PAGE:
A hardy, sturdy, squarely built small hound, the Beagle has a sleek, easy-care, short coat, most often in red, orange, or lemon, with white trim (legs, collar, blaze, and tail tip) or on a white background, and often with a dark saddle. The Beagle looks like a small English Foxhound. The skull is broad and slightly rounded, and the muzzle is straight and square. The black nose has full nostrils for scenting. The long, wide ears are pendant. The brown or hazel eyes have a characteristic pleading expression. The tail is carried gaily, but never curled over the back. There are two height classes: 13 to 15 in. and under 13 in.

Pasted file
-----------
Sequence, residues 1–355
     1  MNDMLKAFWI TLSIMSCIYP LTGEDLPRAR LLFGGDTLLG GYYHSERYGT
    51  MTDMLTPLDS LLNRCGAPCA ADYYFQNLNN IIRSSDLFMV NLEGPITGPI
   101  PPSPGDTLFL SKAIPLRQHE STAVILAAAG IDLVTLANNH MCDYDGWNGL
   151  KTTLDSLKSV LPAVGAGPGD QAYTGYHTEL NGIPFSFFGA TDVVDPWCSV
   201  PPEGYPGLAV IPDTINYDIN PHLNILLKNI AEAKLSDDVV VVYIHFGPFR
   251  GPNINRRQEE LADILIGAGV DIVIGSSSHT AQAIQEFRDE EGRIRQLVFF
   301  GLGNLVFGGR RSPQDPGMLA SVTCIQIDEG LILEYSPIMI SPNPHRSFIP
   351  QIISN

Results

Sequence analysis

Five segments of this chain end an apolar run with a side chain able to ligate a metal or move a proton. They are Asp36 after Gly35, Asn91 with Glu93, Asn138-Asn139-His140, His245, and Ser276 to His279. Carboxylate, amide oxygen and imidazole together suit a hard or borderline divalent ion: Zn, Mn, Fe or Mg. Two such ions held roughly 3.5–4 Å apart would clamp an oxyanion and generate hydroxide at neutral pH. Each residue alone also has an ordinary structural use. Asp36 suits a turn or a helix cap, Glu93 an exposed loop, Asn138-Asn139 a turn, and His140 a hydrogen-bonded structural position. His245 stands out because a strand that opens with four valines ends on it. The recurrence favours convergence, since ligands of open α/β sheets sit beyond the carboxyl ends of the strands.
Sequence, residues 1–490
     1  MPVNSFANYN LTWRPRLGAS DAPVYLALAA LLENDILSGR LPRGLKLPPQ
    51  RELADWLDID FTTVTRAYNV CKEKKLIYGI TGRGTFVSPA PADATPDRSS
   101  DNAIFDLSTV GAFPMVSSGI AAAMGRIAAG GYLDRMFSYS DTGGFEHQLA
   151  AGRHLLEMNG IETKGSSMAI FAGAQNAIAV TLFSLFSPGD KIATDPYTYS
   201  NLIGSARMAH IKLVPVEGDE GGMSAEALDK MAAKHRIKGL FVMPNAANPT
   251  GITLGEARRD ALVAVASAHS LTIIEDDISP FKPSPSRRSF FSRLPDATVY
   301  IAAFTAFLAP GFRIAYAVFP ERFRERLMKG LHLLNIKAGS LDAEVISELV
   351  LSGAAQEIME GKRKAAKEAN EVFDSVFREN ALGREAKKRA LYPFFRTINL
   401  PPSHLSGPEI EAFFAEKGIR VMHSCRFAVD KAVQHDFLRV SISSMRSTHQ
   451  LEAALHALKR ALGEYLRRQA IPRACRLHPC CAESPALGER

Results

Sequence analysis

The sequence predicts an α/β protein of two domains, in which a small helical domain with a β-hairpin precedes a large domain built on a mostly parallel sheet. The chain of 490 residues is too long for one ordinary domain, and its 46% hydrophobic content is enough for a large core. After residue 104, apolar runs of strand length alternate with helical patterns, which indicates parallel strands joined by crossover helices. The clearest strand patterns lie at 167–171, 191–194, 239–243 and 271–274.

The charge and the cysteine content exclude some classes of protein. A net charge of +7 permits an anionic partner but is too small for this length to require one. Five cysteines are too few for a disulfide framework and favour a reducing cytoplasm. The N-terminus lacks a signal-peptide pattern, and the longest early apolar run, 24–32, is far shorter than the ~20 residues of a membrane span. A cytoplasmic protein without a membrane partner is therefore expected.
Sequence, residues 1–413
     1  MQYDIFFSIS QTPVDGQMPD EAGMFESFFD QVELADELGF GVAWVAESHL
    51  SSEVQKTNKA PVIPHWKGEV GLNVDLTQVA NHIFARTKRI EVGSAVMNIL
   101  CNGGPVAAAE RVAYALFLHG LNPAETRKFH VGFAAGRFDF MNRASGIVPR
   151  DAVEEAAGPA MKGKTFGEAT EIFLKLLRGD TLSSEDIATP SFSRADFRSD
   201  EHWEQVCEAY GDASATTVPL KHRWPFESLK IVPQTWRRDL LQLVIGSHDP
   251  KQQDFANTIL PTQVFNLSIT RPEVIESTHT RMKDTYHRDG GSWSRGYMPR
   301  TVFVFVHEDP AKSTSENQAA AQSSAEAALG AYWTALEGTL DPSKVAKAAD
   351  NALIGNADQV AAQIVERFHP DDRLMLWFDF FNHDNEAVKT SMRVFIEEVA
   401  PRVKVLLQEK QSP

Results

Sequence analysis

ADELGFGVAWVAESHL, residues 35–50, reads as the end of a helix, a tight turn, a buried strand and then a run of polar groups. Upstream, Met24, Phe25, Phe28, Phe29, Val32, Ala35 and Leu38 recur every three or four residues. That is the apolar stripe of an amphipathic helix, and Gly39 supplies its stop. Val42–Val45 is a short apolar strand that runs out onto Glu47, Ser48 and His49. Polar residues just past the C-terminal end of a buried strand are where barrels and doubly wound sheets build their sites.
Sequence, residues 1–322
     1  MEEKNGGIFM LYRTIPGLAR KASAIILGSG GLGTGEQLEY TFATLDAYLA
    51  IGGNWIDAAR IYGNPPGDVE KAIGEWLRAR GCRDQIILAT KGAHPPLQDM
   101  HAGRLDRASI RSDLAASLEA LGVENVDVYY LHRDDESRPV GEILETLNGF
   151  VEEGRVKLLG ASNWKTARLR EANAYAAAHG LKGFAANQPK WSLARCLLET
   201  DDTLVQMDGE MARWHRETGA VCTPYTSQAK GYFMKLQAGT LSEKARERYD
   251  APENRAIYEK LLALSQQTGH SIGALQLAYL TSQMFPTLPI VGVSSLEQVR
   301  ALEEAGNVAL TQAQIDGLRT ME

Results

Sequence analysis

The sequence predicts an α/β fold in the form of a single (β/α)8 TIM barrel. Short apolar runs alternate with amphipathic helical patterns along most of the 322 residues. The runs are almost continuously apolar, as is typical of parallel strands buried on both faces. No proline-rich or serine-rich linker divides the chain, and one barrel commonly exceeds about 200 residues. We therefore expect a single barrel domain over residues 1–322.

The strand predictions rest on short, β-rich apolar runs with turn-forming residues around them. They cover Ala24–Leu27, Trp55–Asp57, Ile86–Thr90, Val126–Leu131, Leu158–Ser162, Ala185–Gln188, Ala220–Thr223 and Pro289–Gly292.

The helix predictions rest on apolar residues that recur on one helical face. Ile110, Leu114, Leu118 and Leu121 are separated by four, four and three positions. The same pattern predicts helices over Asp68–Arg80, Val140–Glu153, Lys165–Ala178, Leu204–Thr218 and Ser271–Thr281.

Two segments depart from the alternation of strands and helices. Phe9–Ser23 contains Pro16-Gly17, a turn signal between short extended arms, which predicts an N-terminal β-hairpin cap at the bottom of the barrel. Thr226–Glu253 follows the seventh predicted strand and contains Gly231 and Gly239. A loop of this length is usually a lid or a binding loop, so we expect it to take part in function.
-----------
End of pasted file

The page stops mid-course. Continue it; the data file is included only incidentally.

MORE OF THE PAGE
The Beagle is one of the most popular scenthounds because of his energy, willingness, and sweet disposition. The breed probably originated as a cross between the Harrier and other hounds in England. The Beagle has been used in packs, alone, and in pairs for hunting hare, pheasant, and quail. He has also served as an excellent narcotics-, contraband-, and even termite-detection dog and makes a fine family companion. Unfortunately, because they are fairly uniform in size and small, Beagles are often used for medical experimentation.